When Rangers and Celtic contested a bad tempered match at Parkhead, which resulted in the then managers Ally McCoist and Neil Lennon clashing at the end, the Scottish Government decided it was time to act. New laws were quickly drawn up to outlaw sectarian singing at football despite opposition warnings that the legislation was being rushed through. It didn’t help that ministers were not able to tell fans exactly which songs were illegal and the legislation has been mired in controversy. One sheriff slammed the laws as being “horribly badly drafted” and some supporters have complained that their “freedom of speech” is being restricted. Labour has vowed to repeal the controversial laws.
The last SNP government was branded a “steamroller” by opponents, but the danger of ignoring dissent is all too clear. The situation at Holyrood in recent years does not compare well with Westminster, where committees have acquired a fearsome reputation. Bosses at Starbucks, Amazon and Google have been left reeling after grillings by MPs over tax, BBC chiefs were hammered over executive pay, and even Rupert Murdoch was ordered to account for himself over the phone hacking scandal.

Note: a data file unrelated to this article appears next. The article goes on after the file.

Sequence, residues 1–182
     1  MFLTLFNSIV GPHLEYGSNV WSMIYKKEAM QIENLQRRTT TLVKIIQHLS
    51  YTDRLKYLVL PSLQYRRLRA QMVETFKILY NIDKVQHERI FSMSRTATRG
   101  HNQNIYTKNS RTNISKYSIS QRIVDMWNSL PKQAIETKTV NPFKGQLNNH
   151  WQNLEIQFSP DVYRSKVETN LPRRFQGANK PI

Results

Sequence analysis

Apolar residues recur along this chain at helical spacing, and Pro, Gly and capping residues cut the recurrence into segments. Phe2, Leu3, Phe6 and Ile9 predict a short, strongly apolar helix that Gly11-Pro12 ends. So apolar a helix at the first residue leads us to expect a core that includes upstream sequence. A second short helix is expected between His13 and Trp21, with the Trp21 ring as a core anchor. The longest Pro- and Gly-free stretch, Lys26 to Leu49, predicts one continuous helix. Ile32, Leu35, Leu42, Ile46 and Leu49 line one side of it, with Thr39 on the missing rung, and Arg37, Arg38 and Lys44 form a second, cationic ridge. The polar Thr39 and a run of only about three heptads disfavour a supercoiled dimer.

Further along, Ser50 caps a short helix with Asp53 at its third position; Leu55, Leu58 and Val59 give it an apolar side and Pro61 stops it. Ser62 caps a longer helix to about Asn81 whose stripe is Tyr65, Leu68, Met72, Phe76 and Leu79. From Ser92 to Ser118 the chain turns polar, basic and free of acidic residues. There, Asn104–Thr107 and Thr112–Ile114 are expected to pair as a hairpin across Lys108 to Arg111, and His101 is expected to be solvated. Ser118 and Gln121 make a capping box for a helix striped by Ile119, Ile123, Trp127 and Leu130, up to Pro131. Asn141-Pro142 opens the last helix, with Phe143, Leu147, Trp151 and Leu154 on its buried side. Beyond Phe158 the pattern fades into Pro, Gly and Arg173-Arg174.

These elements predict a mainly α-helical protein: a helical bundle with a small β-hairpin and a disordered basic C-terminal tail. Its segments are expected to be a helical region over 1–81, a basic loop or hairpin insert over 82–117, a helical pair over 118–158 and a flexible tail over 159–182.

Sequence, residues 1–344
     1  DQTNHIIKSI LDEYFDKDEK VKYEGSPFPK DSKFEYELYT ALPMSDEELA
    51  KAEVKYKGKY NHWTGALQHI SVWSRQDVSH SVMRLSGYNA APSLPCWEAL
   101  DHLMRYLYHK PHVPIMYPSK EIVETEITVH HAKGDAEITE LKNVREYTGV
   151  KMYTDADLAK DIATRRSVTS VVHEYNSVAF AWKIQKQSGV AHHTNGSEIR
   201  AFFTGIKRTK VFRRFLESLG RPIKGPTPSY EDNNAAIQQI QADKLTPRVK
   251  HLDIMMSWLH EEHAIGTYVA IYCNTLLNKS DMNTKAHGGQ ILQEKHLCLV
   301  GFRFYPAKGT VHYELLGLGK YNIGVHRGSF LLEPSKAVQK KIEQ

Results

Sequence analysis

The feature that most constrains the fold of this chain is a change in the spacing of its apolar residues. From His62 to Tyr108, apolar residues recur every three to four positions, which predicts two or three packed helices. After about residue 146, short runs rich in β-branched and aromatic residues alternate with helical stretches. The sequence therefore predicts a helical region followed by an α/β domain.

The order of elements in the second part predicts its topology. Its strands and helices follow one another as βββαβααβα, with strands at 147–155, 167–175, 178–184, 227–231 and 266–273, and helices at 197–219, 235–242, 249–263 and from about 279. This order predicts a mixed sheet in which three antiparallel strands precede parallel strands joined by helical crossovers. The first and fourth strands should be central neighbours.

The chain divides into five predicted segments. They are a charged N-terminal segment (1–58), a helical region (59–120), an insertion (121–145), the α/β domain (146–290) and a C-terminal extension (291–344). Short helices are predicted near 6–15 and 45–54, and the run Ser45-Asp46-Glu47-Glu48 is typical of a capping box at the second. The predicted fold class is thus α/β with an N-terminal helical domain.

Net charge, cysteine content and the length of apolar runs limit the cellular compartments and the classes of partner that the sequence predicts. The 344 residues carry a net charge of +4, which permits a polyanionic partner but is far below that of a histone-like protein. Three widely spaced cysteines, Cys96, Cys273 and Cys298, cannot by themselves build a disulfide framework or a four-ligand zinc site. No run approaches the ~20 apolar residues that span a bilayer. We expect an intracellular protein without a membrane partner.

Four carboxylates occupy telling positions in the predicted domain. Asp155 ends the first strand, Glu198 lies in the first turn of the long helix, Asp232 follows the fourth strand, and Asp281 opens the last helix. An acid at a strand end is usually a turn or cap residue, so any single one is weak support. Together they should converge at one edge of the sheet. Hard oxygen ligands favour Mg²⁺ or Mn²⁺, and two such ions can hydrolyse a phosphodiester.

The founding fathers of devolution simply had not allowed for the prospect of one party winning a majority under the Parliament’s hybrid voting system. They certainly didn’t countenance such a prospect twice in a row. The now departed Holyrood Presiding Officer Tricia Marwick, herself a nationalist, recognised the problem and set out proposals for committee chairs being elected by blind ballots to ensure their independence and less control for party whips in selecting members. This was rejected by MSPs on Holyrood’s standards committee, under the convenorship of – wait for it – former SNP minister Stewart Stevenson.
So will Nicola Sturgeon adopt a more collegiate approach at Holyrood when she becomes First Minister with the mandate of Scots at the ballot box, as seems inevitable, next month? The stakes are high. Ms Sturgeon’s flagship plans are to overhaul Scotland’s childcare system to provide effective full-time care and get a generation of mothers back into the workplace.
Driving down the schooling gap between rich and poor areas is the other major priority. These are transformational changes which will span generations, certainly beyond the lifetime of governments. Surely for the sake of getting these right and ensuring future administrations see them through, Ms Sturgeon should be reaching out for the widest possible backing at Holyrood – and leave the steamroller in the garage.